Bleeding into the lungs (pulmonary haemorrhage) occurs mainly in infants born before term (37 weeks' gestation) because of severe lung disease (particularly respiratory distress syndrome, a disease caused by the lack of the normal lining chemicals of the lung (surfactant)) and the need for a breathing machine (assisted ventilation). The risk factors for pulmonary haemorrhage include preterm birth, poor growth while in the womb (intrauterine growth restriction), respiratory problems, abnormal blood flow around the blood vessels in the lungs (patent ductus arteriosus), bleeding problems (coagulopathy), the need for a breathing machine and surfactant treatment. The underlining cause of pulmonary haemorrhage is thought to be a rapid increase in pulmonary blood flow due to a patent ductus arteriosus. Some studies have shown promising results with the use of surfactant treatment in infants with pulmonary haemorrhage. However, no randomised controlled trials were identified in this review. Currently, no recommendation for clinical practice based on randomised controlled trials can be presented; further research is needed.
No randomised or quasi-randomised trials that evaluated the effect of surfactant in PH were identified. Therefore, no conclusions from such trials can be drawn. In view of the promising results from studies with less strict study designs than a randomised controlled trial, there is reason to conduct further trials of surfactant for the treatment of PH in neonates.
In the 1960s and 1970s, pulmonary haemorrhage (PH) occurred mainly in full-term infants with pre-existing illness with an incidence of 1.3 per 1000 live births. Risk factors for PH included severity of illness, intrauterine growth restriction, patent ductus arteriosus (PDA), coagulopathy and the need for assisted ventilation. Presently, PH occurs in 3% to 5% of preterm ventilated infants with severe respiratory distress syndrome (RDS) who often have a PDA and have received surfactant. The cause of PH is thought to be due to rapid lowering of intrapulmonary pressure, which facilitates left to right shunting across a PDA and an increase in pulmonary blood flow. Retrospective case reports and one prospective uncontrolled study have shown promising results for surfactant in treating PH.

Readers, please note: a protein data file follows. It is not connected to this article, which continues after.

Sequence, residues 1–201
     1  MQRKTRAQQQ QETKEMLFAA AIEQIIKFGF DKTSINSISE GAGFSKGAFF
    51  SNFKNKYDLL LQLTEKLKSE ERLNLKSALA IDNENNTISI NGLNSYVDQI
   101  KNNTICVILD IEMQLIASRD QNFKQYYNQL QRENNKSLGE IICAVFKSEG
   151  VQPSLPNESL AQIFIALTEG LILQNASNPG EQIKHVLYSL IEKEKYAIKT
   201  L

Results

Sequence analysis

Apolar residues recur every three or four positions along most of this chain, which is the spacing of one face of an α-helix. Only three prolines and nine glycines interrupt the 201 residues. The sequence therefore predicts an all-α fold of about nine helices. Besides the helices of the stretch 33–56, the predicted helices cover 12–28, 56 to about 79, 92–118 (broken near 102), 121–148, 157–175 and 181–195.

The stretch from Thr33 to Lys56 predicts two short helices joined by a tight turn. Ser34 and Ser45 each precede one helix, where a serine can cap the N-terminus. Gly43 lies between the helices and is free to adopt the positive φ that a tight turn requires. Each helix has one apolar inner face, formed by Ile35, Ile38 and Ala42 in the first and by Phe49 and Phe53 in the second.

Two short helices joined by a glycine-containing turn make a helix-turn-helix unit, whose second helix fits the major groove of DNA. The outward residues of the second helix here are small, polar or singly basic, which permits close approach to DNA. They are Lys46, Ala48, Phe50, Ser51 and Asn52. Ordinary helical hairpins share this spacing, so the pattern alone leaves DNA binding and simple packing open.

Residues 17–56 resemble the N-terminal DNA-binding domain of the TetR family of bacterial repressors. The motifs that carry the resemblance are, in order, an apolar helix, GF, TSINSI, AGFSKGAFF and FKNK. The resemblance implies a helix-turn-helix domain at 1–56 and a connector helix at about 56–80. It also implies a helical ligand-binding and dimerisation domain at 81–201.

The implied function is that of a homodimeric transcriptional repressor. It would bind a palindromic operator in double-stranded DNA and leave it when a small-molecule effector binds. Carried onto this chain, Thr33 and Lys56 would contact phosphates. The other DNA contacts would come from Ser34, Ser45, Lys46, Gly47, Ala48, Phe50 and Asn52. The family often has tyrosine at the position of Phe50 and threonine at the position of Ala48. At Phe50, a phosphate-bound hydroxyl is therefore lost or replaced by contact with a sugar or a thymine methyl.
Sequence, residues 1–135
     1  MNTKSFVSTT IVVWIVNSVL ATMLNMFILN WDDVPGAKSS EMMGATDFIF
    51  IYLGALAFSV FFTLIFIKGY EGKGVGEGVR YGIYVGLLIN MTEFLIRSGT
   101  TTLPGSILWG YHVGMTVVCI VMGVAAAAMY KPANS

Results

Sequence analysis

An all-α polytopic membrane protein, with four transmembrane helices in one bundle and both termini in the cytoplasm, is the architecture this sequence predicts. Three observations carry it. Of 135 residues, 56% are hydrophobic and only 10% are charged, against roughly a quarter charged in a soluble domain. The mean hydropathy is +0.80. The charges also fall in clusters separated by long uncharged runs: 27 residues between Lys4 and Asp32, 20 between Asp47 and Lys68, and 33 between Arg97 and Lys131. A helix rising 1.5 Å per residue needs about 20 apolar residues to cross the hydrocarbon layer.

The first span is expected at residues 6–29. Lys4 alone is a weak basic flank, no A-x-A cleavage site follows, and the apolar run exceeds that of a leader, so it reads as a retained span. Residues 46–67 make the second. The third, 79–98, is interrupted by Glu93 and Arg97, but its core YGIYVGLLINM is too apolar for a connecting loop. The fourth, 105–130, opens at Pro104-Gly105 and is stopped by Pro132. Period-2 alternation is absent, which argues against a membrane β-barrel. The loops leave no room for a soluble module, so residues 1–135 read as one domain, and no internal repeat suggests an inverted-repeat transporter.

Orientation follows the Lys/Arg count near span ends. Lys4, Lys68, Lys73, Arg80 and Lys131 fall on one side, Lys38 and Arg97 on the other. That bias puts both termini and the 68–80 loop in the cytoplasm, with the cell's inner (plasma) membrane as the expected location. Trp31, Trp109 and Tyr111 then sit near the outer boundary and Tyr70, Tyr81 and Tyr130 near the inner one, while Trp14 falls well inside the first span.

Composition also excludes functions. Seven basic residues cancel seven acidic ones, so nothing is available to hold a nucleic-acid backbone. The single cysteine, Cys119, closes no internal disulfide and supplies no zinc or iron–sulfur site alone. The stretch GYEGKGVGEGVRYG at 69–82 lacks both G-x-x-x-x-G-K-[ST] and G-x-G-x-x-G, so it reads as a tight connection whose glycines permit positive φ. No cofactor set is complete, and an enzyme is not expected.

To evaluate the effect of surfactant treatment compared to placebo or no intervention on mortality and morbidities in neonates with PH.
For this update The Cochrane Library, Issue 2, 2012; MEDLINE; EMBASE; CINAHL; Clinicaltrials.gov; Controlled-trials.com; proceedings (2000 to 2011) of the Annual Meetings of the Pediatric Academic Societies (Abstracts2View) and Web of Science were searched on 8 February 2012.
Randomised or quasi-randomised controlled trials that evaluated the effect of surfactant in the treatment of PH in intubated term or preterm (< 37 weeks) neonates with PH. Infants were included up to 44 weeks' postmenstrual age. The interventions studied were intratracheal instillation of surfactant (natural or synthetic, regardless of dose) versus placebo or no intervention.
If studies were identified by the literature search, the planned analyses included risk ratio, risk difference, number needed to treat to benefit or to harm for dichotomous outcomes, and mean difference for continuous outcomes, with their 95% confidence intervals. A fixed-effect model would be used for meta-analyses. The risk of bias for included trials would be assessed. Heterogeneity tests, including the I2 statistic, would be performed to assess the appropriateness of pooling the data and the results would be reported.
No trials were identified.